Can Police Search the Home the Person That Reported a Crime Without a Warrant ?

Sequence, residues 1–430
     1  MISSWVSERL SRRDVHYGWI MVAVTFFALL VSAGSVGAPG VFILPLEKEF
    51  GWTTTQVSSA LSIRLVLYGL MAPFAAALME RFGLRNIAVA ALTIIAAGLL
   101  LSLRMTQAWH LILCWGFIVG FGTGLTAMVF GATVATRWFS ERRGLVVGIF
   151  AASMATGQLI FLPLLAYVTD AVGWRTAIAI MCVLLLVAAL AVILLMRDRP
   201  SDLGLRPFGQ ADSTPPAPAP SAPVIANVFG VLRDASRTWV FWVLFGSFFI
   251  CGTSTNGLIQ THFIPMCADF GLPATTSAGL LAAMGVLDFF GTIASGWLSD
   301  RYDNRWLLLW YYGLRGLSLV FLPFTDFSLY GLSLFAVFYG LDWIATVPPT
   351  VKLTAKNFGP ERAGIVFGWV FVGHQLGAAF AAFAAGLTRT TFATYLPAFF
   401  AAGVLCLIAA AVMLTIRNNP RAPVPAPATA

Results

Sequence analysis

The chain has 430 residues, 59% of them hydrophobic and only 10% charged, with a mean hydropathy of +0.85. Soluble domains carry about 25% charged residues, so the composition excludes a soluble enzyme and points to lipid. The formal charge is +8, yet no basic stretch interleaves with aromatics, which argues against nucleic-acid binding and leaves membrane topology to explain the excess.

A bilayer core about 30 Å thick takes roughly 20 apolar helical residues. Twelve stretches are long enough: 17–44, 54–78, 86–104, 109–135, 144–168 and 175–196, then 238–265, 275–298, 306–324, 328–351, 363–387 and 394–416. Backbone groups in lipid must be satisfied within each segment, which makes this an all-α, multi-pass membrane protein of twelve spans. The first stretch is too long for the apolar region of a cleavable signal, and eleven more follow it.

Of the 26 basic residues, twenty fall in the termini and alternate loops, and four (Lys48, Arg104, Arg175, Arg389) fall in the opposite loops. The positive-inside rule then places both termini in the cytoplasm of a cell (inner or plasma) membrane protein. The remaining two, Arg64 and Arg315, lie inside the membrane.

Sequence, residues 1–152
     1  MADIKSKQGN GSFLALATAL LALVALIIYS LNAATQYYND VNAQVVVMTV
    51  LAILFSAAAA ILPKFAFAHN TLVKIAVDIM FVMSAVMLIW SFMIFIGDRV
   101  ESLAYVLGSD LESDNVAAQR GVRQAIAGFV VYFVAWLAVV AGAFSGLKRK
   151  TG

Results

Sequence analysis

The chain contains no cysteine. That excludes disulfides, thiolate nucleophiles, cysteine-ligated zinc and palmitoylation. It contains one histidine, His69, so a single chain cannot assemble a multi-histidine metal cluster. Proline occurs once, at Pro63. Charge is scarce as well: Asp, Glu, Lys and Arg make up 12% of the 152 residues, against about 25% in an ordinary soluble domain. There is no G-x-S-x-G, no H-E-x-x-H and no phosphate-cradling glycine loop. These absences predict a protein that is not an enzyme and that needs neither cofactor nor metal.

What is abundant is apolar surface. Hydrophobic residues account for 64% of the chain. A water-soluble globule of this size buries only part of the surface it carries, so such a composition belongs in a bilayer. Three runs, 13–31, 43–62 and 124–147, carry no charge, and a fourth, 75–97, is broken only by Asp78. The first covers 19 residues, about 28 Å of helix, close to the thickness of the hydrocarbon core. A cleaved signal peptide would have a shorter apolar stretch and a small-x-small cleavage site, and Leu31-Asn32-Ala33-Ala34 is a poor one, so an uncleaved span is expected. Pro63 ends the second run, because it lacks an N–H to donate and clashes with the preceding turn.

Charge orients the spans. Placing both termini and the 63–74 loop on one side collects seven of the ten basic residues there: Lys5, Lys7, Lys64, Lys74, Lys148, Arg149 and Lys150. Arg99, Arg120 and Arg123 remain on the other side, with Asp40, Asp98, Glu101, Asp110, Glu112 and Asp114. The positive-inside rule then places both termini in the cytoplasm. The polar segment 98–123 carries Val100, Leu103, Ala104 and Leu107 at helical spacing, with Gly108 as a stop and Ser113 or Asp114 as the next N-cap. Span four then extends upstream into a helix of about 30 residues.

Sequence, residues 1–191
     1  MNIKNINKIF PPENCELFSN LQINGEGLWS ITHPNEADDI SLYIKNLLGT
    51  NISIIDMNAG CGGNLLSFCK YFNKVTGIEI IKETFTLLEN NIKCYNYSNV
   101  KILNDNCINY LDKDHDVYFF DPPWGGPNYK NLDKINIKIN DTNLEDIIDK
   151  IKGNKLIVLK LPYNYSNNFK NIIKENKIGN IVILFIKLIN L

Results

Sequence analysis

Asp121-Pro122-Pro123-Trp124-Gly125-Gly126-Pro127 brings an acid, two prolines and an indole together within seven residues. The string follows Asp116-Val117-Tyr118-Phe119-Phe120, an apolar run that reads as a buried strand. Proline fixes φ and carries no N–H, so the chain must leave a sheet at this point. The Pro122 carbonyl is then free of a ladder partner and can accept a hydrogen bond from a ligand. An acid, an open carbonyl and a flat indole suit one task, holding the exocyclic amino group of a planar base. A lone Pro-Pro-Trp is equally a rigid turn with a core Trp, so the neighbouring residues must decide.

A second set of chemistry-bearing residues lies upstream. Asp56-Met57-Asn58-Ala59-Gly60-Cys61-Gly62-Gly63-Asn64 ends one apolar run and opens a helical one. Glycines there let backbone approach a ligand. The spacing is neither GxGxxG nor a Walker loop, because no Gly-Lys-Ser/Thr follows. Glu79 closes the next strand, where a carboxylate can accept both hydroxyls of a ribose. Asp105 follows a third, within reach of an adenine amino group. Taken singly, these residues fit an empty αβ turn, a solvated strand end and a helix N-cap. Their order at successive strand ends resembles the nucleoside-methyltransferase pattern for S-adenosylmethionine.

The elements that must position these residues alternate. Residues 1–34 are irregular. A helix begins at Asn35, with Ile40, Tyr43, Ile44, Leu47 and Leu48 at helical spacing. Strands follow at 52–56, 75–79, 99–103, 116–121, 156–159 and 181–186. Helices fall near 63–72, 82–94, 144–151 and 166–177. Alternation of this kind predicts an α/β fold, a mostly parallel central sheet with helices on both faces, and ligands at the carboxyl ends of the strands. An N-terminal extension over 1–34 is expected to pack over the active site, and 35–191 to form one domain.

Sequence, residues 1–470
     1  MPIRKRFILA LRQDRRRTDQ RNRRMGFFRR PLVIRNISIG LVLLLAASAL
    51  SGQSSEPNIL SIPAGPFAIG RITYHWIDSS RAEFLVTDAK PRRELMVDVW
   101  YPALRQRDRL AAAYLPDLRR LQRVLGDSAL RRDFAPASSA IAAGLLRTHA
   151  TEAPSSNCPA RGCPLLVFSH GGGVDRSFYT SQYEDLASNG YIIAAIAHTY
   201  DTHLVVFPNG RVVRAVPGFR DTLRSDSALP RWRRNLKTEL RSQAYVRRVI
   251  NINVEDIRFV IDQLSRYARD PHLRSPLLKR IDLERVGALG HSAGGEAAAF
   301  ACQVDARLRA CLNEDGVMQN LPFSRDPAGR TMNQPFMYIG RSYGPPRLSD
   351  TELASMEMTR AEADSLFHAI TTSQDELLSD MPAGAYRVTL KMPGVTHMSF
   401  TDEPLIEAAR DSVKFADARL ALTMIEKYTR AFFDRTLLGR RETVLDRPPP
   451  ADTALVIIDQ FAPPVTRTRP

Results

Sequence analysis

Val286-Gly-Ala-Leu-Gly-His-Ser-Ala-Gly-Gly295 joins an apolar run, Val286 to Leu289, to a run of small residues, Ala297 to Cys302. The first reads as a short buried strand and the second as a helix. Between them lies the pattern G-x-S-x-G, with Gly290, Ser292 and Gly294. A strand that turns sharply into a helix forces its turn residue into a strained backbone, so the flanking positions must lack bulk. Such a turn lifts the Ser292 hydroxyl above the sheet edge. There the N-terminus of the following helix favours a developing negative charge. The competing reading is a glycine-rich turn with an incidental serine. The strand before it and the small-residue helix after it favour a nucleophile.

In Brown v. Texas, 856 S.W.2d 177 (Tex. Crim. App. 1993), the defendant called police and reported having discovered his wife dead in the garage. Upon arriving, police searched the detached garage and the home, based upon the information provided by appellant. The Texas Court of Criminal Appeals held: when a crime is reported to the police by an individual who owns or controls the premises to which the police are summoned, and that individual either states or suggests that it was committed by a third person, he or she implicitly consents to a search of the premises reasonably related to the routine investigation of the offense and the identification of the perpetrator. As long as the individual is not a suspect in the case or does nothing to revoke his consent, the police may search the premises for these purposes, and evidence obtained thereby is admissible. This implied consent is valid only for the initial investigation conducted at the scene and does not carry over to future visits to the scene. Id. at 182. See also: State v. Fleischman, 157 Ariz. 11, 754 P.2d 340 (Ariz. Ct. App. 1988)(by reporting to police that his wife had been killed in their restaurant, the defendant, who was not a suspect at the time, implicitly consented to the search of the restaurant and authorized the subsequent investigation); State v. Fredette, 411 A.2d 65 (Me. 1979)(defendant consented to the search of her home where she called police, reported that her husband had been shot and, through her conduct, cooperated, approved and encouraged the police in their search); Kelly v. State, 75 Wis. 2d 303, 249 N.W.2d 800 (Wis. 1977)(defendant consented to search of premises where she reported to police that the deceased had been shot and that she had been in another room of the house at the time of the shooting).